Months ago, during Michigan’s media day, associate head coach Phil Martelli raved about freshman forward Franz Wagner.
“He’s just different,” Martelli said on Oct. 17. “I suggest, if you’re on the fence or there are tickets available, get your tickets. You’re gonna want to see this kid play.”
Fans soon learned they’d have to wait when Wagner fractured his wrist in practice just three days later. He missed the first four games of the season, which the Wolverines won, before making his much-anticipated college debut in the first game of the Battle 4 Atlantis against Iowa State. He scored six points in 23 minutes against the Cyclones.
Like any freshman, Wagner was inconsistent in the games that followed. He had to adjust to the pace and physicality of college basketball and acquaint himself with a new team and coaching staff.
Wagner backed up Martelli’s praise in games against Iowa and Oregon, scoring 18 and 21 points, respectively. Bracketing his performance against the Hawkeyes, though, he scored a combined nine points on 4-for-14 shooting in losses to Louisville and Illinois.
Wagner’s season so far can largely be characterized as up and down, boom or bust, occasionally thriving and occasionally struggling — all to be expected from a freshman.
And yet, his confidence and Michigan coach Juwan Howard’s confidence in him has steadily increased over time. Lately, Wagner’s shot attempts and minutes have climbed considerably. The former might be a direct result of the latter, but both come at a time when the Wolverines are trying to fill the void left by injured starter Isaiah Livers.
In the last three games, Wagner has scored double-digit points and played 111 of 130 minutes. More notably, in the past two contests against Purdue and Minnesota, Wagner put up a combined 29 shot attempts. While he hit just six in each and Michigan split the two games, Wagner’s willingness to shoot is a welcome sight.
“I give it to Franz pretty much everyday at practice,” senior point guard Zavier Simpson said after last Thursday’s win over the Boilermakers. “I tell him to stop passing up shots, knock em down. I don’t pass it to him just because he’s open. I pass it to him because he’s open and I believe he can make the shot.
“I told him to shoot the ball … I think it was early in the second half. We were being too unselfish. Trust yourself to make a play.”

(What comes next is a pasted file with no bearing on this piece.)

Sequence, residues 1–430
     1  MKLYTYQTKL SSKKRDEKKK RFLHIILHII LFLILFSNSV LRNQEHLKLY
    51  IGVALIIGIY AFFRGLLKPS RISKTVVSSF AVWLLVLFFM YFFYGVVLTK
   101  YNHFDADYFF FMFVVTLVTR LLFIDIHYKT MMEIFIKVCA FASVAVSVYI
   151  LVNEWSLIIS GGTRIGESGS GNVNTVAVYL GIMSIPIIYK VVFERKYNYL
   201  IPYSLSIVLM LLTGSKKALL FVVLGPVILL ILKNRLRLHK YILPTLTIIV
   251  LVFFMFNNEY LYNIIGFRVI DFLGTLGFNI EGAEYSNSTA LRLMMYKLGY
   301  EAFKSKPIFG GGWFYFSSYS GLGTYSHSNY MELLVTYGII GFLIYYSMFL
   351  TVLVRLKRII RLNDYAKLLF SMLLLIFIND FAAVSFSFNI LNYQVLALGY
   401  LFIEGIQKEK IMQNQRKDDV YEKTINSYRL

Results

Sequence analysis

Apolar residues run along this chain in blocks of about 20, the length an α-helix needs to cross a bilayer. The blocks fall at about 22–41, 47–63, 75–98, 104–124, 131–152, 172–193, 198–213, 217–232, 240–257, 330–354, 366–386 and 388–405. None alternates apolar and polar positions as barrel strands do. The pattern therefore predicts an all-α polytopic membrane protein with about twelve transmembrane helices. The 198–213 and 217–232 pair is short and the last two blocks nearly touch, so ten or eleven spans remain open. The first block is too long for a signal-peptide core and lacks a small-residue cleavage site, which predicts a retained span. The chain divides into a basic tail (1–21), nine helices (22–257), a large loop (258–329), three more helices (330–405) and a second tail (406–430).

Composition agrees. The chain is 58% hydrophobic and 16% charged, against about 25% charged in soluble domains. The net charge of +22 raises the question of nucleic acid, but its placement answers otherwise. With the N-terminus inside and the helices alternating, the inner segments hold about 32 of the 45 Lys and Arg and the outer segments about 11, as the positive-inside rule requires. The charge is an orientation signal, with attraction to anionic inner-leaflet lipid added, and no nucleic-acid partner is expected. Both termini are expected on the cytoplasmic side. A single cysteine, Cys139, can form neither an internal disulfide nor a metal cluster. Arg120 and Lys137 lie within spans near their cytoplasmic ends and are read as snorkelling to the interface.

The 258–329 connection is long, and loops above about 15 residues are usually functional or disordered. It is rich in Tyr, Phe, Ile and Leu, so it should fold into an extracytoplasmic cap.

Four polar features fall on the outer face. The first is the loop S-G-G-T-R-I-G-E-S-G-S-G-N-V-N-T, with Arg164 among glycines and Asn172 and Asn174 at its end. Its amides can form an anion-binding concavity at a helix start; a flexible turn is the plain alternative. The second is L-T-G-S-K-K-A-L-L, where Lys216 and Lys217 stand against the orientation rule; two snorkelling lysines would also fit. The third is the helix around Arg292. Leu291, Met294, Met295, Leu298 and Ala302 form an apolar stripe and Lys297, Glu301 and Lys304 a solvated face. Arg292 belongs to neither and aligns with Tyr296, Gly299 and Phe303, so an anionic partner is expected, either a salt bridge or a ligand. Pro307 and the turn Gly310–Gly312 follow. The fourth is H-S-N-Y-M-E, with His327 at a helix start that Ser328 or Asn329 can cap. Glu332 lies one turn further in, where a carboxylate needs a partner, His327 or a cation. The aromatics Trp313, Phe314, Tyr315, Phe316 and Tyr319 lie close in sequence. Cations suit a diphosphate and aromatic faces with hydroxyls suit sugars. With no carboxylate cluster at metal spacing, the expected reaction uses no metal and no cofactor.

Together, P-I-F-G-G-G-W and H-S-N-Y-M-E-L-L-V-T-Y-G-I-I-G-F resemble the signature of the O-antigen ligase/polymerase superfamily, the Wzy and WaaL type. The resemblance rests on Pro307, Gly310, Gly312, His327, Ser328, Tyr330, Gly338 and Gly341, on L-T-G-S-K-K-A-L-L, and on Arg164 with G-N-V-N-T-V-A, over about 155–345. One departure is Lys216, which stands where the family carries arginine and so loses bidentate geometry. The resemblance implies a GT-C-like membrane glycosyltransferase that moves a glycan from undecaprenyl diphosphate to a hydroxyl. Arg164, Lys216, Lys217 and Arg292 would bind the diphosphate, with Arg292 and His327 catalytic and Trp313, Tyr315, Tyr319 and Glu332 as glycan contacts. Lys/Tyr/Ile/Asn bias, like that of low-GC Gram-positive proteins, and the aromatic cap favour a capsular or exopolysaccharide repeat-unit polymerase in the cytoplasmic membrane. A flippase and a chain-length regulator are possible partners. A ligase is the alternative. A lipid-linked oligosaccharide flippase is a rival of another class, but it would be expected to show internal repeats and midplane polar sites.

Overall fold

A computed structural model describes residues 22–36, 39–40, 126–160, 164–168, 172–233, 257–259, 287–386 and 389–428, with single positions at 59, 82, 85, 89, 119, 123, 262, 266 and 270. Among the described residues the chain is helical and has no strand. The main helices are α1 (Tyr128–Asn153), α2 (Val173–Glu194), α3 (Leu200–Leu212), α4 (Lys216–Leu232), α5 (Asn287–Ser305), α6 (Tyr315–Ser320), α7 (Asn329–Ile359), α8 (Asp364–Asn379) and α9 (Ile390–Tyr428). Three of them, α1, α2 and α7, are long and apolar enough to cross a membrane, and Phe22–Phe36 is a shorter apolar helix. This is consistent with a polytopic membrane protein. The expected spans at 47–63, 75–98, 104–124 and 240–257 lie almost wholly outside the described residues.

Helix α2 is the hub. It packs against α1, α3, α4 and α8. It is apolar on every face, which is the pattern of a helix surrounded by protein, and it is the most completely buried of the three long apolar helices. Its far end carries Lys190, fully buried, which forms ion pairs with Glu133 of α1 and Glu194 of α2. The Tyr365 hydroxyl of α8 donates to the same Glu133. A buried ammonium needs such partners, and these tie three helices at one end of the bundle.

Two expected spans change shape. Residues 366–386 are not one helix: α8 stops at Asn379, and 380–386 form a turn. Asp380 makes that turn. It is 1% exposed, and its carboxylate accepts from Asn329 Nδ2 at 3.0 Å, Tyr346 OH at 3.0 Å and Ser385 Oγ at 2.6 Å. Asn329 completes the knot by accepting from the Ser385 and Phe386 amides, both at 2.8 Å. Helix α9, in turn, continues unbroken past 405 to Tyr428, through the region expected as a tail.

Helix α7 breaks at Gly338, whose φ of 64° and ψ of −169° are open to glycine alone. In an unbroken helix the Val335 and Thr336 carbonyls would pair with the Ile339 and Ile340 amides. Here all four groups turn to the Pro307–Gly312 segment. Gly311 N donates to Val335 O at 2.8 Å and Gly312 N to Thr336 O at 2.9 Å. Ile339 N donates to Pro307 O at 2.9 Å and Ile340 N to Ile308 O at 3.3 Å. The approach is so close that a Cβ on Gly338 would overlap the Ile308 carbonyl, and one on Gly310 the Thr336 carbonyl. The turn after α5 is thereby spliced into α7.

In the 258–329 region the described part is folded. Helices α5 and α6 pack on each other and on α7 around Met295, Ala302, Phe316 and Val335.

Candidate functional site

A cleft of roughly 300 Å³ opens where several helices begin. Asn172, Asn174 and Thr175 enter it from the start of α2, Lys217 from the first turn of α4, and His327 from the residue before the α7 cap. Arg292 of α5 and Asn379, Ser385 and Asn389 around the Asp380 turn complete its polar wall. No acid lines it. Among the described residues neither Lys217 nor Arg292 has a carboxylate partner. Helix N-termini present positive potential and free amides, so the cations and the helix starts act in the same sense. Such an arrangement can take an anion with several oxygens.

With Livers out indefinitely, the Wolverines have needed Wagner’s scoring from the wing. Even when Livers returns — rumblings are that could be this Friday against Iowa — they’ll still need it.
Michigan’s depth has recently come into question. After a hot start to the season, junior guard Eli Brooks’ production has tailed off. In the last four games against major conference opponents — Oregon, Michigan State, Purdue and Minnesota — Brooks has shot 27.5 percent from the field and averaged just 4.3 points per game.
Brooks isn’t the only one who’s struggled. On any given night, senior center Jon Teske, the team’s leading scorer, could find himself relegated to the bench because of foul trouble. While sophomore guard David DeJulius and sophomore forward Brandon Johns Jr. have provided a spark defensively, their scoring production has been inconsistent all year.
As the Wolverines continue through Big Ten play, with or without Livers, Wagner is going to have to be a threat offensively. There’s only one way to do that though: shoot when given the opportunity.
“Yeah, I’m feeling good when I shoot it,” Wagner said following his 17-point outing against the Golden Gophers. “I’m gonna stay aggressive.”
His shooting percentage isn’t necessarily stellar, but given his skill set, those shots should eventually fall.
As Martelli, who’s been coaching for over 40 years, added on media day: “He’s a guy that you come to practice everyday and then you leave scratching your head. To be that age, to be that cerebral and to be that pure — not to put too much pressure on him but he’s a rain man. He’s a savant.”